|Real Estate Sale
|NTPL DATA CENTRE
|Total Neesa Group S.A.
16. Further as rightly pointed by the ld. Counsel for the assessee, even as per the Assessing Officer recording the satisfaction, the said document belonged not to the assessee but Neesa Infrastructure Ltd. Therefore document Annexure B-1 92 clearly did not fulfill the criteria of belonging to the assessee so as entitle the AO to validly assume jurisdiction to initiate proceeding u/s. 153C of the Act, we hold.
17. Also, as pointed out by the Ld.Counsel for the assessee and which is evident from a bare perusal of the document also, the same contains apparently daily sales data of NAPL, NTPL & OSPL but mentions no date in it. Therefore there is nothing in the document pointing to the fact that it contained data pertaining to any of the impugned years before us. The document not evidencing anything incriminating relating to the impugned years, it could not have formed the basis of initiating proceedings u/s 153C of the Act for the impugned years. The Hon’ble apex court in the case of Commissioner of Income Tax Vs Sinhgad Technical Education Society (2017) 397 ITR 344 (SC) has categorically held that it is a jurisdictional requirement for invoking section 153C of the Act that the incriminating material should pertain to that particular year in which it is sought to be invoked. The relevant findings of the Hon’ble Apex court beginning from para 15 of the order is as under:
“ 15.At the outset, it needs to be highlighted that the assessment order passed by the AO on August 7, 2008 covered eight Assessment Years i.e. Assessment Year 1999-2000 to Assessment Year 2006-07. As noted above, insofar as Assessment Year 1999-2000 is concerned, same was covered under Section 147 of the Act which means in respect of that year, there were re-assessment proceedings. Insofar as Assessment Year 2006-07 is concerned, it was fresh assessment under Section 143(3) of the Act. Thus, insofar as assessment under Section 153C read with Section 143(3) of the Act is concerned, it was in respect of Assessment Years 2000-01 to 2005-06. Out of that, present appeals relate to four Assessment Years, namely, 2000-01 to 2003-04 covered by notice under Section 153C of the Act. There is a specific purpose in taking note of this aspect which would be stated by us in the concluding paragraphs of the judgment.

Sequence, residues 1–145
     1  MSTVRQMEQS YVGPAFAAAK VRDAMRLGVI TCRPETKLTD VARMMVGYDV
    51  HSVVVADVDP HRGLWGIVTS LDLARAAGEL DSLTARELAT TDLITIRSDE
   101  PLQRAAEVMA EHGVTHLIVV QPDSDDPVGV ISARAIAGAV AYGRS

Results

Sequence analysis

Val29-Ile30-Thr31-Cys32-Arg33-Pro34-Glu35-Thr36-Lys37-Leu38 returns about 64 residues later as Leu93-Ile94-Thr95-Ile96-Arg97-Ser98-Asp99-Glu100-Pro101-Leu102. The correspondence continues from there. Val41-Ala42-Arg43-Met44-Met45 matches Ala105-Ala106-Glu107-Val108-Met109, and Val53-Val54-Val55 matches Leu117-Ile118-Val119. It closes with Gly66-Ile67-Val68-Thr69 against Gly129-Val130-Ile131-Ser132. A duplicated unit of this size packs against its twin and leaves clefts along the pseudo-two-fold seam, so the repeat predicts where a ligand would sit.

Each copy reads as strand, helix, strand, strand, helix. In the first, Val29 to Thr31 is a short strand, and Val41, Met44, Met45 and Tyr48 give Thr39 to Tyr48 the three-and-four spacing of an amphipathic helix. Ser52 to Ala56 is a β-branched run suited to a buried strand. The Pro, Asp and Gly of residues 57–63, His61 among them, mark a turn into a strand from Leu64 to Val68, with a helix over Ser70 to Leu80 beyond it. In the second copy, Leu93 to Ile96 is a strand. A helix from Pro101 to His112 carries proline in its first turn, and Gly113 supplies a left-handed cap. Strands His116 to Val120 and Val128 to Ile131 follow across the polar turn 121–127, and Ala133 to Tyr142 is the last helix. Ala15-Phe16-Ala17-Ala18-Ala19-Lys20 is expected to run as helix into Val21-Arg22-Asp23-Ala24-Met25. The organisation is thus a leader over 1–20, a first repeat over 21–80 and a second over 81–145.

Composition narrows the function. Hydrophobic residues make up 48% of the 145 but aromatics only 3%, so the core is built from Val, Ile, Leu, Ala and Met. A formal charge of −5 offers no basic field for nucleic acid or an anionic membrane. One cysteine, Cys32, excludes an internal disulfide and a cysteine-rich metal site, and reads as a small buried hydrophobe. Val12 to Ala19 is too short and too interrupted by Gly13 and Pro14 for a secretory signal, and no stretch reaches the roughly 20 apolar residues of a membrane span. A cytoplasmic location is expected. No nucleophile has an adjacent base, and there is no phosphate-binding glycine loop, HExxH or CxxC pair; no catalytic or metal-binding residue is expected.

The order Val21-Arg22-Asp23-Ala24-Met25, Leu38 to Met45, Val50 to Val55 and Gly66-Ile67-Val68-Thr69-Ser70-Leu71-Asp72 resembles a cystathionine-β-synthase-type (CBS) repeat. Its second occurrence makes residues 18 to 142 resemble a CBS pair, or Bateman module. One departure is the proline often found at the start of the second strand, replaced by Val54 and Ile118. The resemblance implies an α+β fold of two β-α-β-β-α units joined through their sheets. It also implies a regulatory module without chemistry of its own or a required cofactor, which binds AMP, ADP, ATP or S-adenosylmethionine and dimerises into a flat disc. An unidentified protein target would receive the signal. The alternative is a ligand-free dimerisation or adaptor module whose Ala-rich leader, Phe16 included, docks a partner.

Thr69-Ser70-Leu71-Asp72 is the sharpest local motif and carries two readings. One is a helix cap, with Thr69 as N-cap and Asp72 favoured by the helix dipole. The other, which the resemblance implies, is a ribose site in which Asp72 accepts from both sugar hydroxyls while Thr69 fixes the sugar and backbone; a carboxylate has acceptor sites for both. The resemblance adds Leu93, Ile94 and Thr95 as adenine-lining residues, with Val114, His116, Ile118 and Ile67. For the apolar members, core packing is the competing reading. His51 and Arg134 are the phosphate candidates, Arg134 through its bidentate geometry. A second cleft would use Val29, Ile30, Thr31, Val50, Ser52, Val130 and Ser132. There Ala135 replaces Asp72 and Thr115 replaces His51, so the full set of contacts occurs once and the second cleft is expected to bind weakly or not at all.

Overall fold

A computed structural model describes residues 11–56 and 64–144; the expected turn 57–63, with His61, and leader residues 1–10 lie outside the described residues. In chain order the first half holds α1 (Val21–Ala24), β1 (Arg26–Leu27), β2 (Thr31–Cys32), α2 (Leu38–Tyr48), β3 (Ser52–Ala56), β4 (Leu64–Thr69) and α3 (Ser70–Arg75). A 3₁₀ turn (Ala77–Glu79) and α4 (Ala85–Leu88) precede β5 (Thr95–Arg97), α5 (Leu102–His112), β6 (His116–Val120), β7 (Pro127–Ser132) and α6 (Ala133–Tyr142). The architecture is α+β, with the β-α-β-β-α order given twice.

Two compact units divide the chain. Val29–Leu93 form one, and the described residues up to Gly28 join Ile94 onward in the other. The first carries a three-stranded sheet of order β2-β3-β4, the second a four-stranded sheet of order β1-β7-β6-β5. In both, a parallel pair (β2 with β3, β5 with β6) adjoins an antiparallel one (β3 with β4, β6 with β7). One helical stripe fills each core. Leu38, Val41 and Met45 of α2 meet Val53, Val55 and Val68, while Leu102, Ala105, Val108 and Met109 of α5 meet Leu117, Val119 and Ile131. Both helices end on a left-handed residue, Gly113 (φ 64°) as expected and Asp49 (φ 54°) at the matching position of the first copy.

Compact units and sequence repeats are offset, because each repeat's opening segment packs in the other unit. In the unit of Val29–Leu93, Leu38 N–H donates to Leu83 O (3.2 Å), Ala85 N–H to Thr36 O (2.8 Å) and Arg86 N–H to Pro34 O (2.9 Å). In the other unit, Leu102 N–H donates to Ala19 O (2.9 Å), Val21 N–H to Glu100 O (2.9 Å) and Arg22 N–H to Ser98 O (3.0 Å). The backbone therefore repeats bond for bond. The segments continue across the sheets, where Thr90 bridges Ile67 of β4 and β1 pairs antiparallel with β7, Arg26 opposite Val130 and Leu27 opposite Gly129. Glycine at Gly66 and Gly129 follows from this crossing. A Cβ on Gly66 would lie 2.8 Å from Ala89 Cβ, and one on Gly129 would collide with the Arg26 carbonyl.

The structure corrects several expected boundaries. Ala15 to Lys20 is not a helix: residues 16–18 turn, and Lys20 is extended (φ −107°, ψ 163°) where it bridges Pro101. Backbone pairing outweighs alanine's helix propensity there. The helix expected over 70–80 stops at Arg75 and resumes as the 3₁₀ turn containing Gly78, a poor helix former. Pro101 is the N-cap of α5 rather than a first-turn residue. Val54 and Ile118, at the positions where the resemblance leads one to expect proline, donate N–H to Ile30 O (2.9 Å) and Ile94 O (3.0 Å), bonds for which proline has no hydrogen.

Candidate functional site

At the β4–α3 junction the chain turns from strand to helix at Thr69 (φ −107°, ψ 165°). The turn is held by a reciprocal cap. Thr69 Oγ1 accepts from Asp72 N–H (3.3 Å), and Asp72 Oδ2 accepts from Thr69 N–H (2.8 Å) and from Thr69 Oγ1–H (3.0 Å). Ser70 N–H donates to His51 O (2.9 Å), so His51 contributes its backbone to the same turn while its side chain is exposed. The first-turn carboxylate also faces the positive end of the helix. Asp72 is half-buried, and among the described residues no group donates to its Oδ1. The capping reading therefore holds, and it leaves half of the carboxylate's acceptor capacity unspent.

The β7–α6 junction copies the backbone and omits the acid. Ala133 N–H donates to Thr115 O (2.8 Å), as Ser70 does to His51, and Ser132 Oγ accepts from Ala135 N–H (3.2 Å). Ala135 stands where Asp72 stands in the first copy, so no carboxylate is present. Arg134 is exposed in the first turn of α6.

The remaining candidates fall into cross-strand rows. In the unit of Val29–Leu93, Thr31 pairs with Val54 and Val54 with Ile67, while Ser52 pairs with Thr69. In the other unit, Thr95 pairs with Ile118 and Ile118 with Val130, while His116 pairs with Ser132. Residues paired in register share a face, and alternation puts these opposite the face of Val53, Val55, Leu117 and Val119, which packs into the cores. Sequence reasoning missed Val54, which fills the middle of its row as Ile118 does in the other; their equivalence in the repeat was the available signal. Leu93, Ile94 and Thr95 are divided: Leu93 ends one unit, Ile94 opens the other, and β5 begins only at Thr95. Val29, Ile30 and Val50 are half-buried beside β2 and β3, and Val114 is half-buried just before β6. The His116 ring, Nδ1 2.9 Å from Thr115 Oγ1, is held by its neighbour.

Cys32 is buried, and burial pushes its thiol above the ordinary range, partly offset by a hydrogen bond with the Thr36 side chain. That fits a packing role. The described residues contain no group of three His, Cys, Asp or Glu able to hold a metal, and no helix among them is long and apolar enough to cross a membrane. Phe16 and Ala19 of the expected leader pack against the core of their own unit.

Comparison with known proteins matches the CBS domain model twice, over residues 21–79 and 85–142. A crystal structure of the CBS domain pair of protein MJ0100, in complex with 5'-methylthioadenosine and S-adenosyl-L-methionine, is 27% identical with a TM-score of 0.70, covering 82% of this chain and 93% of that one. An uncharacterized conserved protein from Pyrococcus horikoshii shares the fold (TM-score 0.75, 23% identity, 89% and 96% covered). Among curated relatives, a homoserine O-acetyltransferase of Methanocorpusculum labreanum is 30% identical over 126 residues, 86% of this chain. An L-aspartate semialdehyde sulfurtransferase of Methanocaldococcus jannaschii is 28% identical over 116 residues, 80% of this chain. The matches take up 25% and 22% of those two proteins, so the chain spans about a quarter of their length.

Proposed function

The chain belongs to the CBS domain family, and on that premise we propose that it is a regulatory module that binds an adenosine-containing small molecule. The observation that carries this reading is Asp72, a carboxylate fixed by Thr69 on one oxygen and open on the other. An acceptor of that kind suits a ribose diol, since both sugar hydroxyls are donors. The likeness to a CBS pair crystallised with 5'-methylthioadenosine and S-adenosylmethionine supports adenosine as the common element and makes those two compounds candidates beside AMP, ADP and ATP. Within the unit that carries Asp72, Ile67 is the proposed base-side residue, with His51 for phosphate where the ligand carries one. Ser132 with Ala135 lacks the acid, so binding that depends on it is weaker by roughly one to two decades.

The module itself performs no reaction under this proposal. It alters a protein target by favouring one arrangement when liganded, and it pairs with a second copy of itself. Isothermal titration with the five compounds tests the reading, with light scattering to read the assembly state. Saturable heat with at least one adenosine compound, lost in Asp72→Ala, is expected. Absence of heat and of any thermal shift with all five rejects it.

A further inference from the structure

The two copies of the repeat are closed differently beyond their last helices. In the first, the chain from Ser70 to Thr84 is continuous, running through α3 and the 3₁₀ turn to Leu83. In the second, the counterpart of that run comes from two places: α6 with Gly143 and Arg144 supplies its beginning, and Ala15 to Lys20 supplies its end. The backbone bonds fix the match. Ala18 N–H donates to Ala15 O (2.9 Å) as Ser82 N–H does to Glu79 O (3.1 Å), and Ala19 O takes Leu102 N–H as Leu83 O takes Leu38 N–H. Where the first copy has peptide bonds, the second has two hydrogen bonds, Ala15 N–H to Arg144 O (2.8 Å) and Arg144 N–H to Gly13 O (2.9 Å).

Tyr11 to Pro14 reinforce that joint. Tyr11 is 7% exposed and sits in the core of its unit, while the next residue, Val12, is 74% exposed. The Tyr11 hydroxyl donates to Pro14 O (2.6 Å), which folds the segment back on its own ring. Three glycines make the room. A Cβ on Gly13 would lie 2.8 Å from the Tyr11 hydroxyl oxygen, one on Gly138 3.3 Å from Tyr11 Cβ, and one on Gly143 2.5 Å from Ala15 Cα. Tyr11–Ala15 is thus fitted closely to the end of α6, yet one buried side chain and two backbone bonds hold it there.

16. In these appeals, qua the aforesaid four Assessment Years, the assessment is quashed by the ITAT (which order is upheld by the High Court) on the sole ground that notice under Section 153C of the Act was legally unsustainable. The events recorded above further disclose that the issue pertaining to validity of notice under Section 153C of the Act was raised for the first time before the Tribunal and the Tribunal permitted the assessee to raise this additional ground and while dealing with the same on merits, accepted the contention of the assessee.
17. First objection of the learned Solicitor General was that it was improper on the part of the ITAT to allow this ground to be raised, when the assessee had not objected to the jurisdiction under Section 153C of the Act before the AO. Therefore, in the first instance, it needs to be determined as to whether ITAT was right in permitting the assessee to raise this ground for the first time before it, as an additional ground.